Saturday, October 27, 2012

Courting Tarantulas

   
Creepy Crawlers for Halloween

With Halloween being just a few days away, I decided to dedicate this blog post to the creepy crawlers who have been playing trick or treat in my back yard. In the Southwestern U.S. during August through September male tarantulas come out and begin their journey to find a suitable mate.



This movement of large hairy brown spiders is called the Tarantula Migration, however tarantulas do not migrate.  Most of their lives are spent underground in a burrow that they dig and reinforce with webbing.



Tarantulas are nocturnal and most of the time will go unnoticed because they come out at night to search for their prey of insects and small animals.  For the last two years, a female has set up residence under the decorative rocks by my patio.


  Even though I am terribly afraid of spiders, we have a peaceful co-existence.  It's just when I walk outside and almost step on a five inch (12.7 cm) amorous male that my heart comes through my chest!



The smaller males have been known to travel around 50 miles (80.46 km) in their quest for courtship and many will die either from being eater by the female or from sheer exhaustion.  Female tarantulas have been known to live for 20 years.

    
  

So as my natural Halloween decorations are moving right along, I wish you a safe and happy Halloween!





No images on this blog are within Public Domain.






With my Nikon and tripod, my goal is to recreate the scene as it appears in nature, to preserve in a photographic image the awesome, yet simplistic beauty of the scene that waits around a bend or over a hill. Sometimes it's a colorful landscape, and many times I'm allowed in the presence of the numerous creatures that adapt to life in the wild.
 
 All rights reserved, world-wide and images protected by Digital Millennium Copyright Act (DMCA). All photography, graphics, text, design, and content is copyrighted by Bonnie Rannald and should not be copied, down-loaded, transferred and re-created in any way without the express consent, in writing to Bonnie Rannald. For information on Bonnie Rannald licensed, right-managed images, please submit a written request.

"Reflecting Nature's Artistry"

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Sunday, October 21, 2012

Summer of 2012, Great Basin Desert


 Nature's Subtle Changes

Over the summer of 2012, I have noticed some subtle changes with the birds and insects that I enjoy watching in my yard that is located in the Great Basin Desert of Northern Nevada.

 It was a cold spring this year with the temperatures not warming until June. However, the cooler temperatures and strong winds were not deterrents to the hummingbird migration. I noticed some early arrivals in mid-March.  Fortunately I had the feeders ready with plenty of sugar in my pantry.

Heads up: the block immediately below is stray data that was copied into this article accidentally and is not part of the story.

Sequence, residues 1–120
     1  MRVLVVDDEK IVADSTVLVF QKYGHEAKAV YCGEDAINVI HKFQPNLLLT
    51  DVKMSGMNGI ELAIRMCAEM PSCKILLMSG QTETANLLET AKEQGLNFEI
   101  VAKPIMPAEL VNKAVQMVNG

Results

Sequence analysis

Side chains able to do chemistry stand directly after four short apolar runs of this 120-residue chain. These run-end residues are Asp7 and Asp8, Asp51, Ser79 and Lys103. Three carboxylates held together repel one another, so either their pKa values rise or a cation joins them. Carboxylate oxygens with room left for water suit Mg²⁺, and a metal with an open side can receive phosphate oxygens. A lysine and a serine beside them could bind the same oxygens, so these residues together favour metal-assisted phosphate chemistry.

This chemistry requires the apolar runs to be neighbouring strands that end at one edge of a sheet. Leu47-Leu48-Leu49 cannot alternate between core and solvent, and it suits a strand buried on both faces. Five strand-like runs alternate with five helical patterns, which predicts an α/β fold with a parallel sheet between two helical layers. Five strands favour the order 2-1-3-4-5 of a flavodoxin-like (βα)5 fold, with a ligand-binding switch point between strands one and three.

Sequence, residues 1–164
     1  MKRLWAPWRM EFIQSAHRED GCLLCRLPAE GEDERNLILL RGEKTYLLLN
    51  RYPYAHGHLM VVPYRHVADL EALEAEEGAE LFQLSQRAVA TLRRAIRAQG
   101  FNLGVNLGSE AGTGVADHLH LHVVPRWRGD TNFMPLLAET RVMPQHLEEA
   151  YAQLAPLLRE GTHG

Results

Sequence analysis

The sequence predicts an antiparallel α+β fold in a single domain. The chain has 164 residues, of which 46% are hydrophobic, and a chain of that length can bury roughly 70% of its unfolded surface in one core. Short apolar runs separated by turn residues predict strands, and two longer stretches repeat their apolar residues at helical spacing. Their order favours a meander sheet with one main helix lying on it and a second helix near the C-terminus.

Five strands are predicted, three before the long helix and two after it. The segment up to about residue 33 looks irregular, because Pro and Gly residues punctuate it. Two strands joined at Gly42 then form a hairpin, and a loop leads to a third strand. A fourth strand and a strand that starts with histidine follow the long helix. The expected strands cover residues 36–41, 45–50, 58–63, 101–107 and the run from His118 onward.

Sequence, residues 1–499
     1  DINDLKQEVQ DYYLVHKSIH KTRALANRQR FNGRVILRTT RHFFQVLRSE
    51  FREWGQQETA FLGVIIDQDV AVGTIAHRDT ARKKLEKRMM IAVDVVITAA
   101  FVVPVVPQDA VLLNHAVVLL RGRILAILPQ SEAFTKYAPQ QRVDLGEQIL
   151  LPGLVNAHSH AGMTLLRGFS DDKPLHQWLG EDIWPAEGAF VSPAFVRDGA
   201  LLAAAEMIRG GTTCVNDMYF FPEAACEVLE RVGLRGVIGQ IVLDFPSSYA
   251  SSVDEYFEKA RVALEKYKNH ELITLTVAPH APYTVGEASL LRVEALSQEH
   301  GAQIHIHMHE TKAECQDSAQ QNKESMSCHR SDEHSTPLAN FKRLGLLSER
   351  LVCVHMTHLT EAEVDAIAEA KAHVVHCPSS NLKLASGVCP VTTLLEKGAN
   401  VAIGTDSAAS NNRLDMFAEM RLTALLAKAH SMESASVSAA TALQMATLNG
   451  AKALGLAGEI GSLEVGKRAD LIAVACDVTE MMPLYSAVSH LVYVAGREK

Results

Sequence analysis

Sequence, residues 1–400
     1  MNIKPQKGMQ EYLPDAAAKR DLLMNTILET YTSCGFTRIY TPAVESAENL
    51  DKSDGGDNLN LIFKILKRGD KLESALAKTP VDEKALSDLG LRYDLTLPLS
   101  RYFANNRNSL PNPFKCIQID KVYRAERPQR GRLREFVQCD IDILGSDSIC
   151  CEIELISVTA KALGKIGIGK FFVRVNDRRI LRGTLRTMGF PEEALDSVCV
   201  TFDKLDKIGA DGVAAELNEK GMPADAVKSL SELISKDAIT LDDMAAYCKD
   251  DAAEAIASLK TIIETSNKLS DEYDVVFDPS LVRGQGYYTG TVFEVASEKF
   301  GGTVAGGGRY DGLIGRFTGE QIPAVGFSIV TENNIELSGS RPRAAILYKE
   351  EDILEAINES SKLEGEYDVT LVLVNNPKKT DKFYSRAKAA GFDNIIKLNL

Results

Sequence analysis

The Bullock's Orioles began to show up much later than the typical April 15th. calendar date.  I was starting to worry that something had happened during their migration from South America when finally I noticed a male desperately trying to drink from the hummingbird feeder.  Quickly, I prepared the larger feeder that is designed to accommodate the orioles so that they can drink nectar water.



Once the air began to warm up, it got very hot.  The summer was also dry and even the seasonal monsoons did not produce any measurable moisture. 

The hot, dry summer did not deter the damselflies from being so prolific; I have never seen such large numbers and a few stragglers were still around in late August.



For the first time over the summer, I did not see any of the usual garden spiders that spin such intricate webs around the pond plants.


  I only saw one Western Spotted Orb Weaver on the Russian Sage.  



However, the lake spider orb weavers were out in mass with larger numbers than I have ever witnessed.   It was not a good time to go hiking through the brush, they are not poisonous but will bite.



The bees have been very plentiful and are still buzzing at every flower that is still in bloom this late in October.



After such an abundance of Painted Lady Butterflies from the summer of 2011, I only saw a few and they did not hang around for long.



Much to my surprise, the number of preying mantis was very low.  There were so many last summer and I found egg sacs on almost every wooden surface.



The summer of 2012 has been an unusual one and it seems to be getting hotter each year.  The Great Basin Desert is noted for its cooler temperatures and if the climate continues to warm, it will be very interesting to see what changes to nature this will bring.




No images on this blog are within Public Domain.






With my Nikon and tripod, my goal is to recreate the scene as it appears in nature, to preserve in a photographic image the awesome, yet simplistic beauty of the scene that waits around a bend or over a hill. Sometimes it's a colorful landscape, and many times I'm allowed in the presence of the numerous creatures that adapt to life in the wild.
 
 All rights reserved, world-wide and images protected by Digital Millennium Copyright Act (DMCA). All photography, graphics, text, design, and content is copyrighted by Bonnie Rannald and should not be copied, down-loaded, transferred and re-created in any way without the express consent, in writing to Bonnie Rannald. For information on Bonnie Rannald licensed, right-managed images, please submit a written request.

"Reflecting Nature's Artistry"

Follow this blog for upcoming post!
Photos Make Great Gifts!
Many of these images are available on our website.
We now offer Gift Certificates and Digital Downloads in addition to the
"Off The Wall" custom matted and framed images.




Visit our website at: http://www.bonnierannald.com/





Friday, October 12, 2012

Early October in Yosemite National Park


Highlights from a Day of  Exploring